Volume 532, August 2011
|Number of page(s)||4|
|Published online||22 July 2011|
Letter to the Editor
The remnant of SN 1987A revealed at (sub-)mm wavelengths⋆
1 European Organization for Astronomical Research in the Southern Hemisphere (ESO), Karl-Schwarzschild-Str. 2, 85748 Garching b. München, Germany
2 Astrophysics Group, Lennard-Jones Laboratories, Keele University, Staffordshire ST5 5BG, UK
3 International Centre for Radio Astronomy Research, M468, University of Western Australia, Crawley, WA 6009, Australia
Received: 29 March 2011
Accepted: 28 April 2011
Context. Supernova 1987A (SN 1987A) exploded in the Large Magellanic Cloud (LMC). Its proximity and rapid evolution makes it a unique case study of the early phases in the development of a supernova remnant. One particular aspect of interest is the possible formation of dust in SN 1987A, as SNe could contribute significantly to the dust seen at high redshifts.
Aims. We explore the properties of SN 1987A and its circumburst medium as seen at mm and sub-mm wavelengths, bridging the gap between extant radio and infrared (IR) observations of respectively the synchrotron and dust emission.
Methods. SN 1987A was observed with the Australia Telescope Compact Array (ATCA) at 3.2 mm in July 2005, and with the Atacama Pathfinder EXperiment (APEX) at 0.87 mm in May 2007. We present the images and brightness measurements of SN 1987A at these wavelengths for the first time.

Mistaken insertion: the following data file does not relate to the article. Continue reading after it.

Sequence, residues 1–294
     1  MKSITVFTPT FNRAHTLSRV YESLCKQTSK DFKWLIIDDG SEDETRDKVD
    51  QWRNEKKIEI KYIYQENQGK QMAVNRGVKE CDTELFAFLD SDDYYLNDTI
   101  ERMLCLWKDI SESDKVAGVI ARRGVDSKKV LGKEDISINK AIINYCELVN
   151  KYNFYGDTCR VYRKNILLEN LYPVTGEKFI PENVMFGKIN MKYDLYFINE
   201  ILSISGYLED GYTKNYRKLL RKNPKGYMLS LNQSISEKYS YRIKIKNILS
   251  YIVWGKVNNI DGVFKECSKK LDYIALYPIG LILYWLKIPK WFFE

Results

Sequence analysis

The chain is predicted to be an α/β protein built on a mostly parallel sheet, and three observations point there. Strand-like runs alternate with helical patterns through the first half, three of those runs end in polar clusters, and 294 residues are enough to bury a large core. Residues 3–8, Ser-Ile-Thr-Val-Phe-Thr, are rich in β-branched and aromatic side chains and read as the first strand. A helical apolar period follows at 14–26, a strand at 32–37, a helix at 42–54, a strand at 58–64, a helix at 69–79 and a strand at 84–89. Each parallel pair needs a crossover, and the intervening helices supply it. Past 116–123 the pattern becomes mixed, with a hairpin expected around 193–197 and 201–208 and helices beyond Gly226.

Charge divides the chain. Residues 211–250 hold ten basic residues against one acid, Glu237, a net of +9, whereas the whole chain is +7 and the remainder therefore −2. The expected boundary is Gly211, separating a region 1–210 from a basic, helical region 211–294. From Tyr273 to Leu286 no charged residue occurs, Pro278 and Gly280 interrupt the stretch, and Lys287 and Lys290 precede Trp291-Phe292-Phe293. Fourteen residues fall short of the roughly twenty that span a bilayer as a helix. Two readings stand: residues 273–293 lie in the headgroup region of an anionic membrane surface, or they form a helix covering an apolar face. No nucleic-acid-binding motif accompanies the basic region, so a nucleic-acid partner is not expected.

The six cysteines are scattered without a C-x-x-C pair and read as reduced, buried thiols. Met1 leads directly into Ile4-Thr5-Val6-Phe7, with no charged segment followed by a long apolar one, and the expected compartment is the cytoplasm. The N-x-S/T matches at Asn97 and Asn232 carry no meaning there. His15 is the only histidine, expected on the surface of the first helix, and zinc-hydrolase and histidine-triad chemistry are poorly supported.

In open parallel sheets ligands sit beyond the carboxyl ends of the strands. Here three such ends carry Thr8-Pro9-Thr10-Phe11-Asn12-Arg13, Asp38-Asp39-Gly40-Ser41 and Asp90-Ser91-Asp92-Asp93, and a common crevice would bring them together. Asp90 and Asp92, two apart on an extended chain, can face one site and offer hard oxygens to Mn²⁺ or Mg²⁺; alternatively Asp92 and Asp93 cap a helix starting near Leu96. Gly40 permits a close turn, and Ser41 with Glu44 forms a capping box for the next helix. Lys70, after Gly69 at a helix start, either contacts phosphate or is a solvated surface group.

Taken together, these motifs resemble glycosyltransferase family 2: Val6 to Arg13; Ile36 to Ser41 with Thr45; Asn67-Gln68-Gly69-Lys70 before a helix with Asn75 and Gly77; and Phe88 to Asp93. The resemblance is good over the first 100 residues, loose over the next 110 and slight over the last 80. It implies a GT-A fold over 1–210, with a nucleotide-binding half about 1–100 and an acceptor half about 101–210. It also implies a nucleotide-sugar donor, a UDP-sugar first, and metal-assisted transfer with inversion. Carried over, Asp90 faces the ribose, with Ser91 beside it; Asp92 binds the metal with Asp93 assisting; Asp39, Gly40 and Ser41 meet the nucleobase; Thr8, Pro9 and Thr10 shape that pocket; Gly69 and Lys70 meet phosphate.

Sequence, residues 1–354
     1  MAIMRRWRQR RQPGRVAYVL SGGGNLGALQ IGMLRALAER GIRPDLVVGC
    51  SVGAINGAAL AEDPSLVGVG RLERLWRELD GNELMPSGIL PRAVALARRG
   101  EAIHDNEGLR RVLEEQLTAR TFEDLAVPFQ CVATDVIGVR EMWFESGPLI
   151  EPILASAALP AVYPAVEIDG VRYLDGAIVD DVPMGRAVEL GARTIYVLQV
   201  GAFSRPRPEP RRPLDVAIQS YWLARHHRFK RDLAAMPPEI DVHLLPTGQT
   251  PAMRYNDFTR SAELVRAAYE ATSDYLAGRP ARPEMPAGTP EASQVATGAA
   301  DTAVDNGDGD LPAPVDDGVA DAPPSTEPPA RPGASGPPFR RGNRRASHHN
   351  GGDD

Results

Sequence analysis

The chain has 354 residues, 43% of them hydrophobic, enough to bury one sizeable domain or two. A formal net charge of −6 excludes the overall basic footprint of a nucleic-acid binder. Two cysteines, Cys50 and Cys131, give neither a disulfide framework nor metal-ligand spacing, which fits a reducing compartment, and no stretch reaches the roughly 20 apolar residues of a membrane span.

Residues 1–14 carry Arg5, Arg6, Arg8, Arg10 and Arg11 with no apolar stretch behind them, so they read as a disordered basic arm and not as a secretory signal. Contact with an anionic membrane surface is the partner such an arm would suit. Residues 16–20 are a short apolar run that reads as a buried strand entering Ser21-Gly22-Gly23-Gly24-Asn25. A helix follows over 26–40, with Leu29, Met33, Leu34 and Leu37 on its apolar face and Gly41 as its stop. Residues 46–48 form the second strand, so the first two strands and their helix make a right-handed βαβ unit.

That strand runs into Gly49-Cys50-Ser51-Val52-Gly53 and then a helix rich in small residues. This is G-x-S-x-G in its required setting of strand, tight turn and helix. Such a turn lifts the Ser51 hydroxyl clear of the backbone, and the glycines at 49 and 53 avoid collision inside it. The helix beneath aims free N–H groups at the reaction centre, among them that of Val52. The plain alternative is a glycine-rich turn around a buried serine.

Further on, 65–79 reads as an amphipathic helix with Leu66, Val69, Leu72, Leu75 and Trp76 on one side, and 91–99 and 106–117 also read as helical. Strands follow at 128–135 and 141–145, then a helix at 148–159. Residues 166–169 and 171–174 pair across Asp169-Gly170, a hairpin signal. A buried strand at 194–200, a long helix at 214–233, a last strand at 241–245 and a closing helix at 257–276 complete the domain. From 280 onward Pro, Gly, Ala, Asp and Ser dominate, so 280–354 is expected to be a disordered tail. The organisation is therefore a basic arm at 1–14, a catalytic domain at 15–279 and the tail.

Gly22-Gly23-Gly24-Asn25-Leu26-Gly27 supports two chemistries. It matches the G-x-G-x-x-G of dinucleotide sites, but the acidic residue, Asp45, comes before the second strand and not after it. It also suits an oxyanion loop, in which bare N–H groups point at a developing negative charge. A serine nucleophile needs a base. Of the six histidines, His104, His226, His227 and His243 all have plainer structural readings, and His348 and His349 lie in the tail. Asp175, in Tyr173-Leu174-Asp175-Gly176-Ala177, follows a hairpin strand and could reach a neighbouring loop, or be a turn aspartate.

Results. SN 1987A is detected as an unresolved point source of 11.2 ± 2.0 mJy at 3.2 mm (5′′ beam) and 21 ± 4 mJy at 0.87 mm (18′′ beam). These flux densities are in perfect agreement with extrapolations of the powerlaw radio spectrum and modified-blackbody dust emission, respectively. This places limits on the presence of free-free emission, which is similar to the expected free-free emission from the ionized ejecta from SN 1987A. Adjacent, fainter emission is observed at 0.87 mm extending ~0.5′ towards the south-west. This could be the impact of the supernova progenitor’s wind when it was still a red supergiant upon a dense medium.
Conclusions. We have established a continuous spectral energy distribution for the emission from SN 1987A and its immediate surroundings, linking the IR and radio data. This places limits on the contribution from ionized plasma. Our sub-mm image reveals complexity in the distribution of cold dust surrounding SN 1987A, but leaves room for freshly synthesized dust in the SN ejecta.
Key words: ISM: supernova remnants / ISM: individual objects: SN 1987A / radio continuum: ISM / submillimeter: ISM / infrared: ISM
© ESO, 2011
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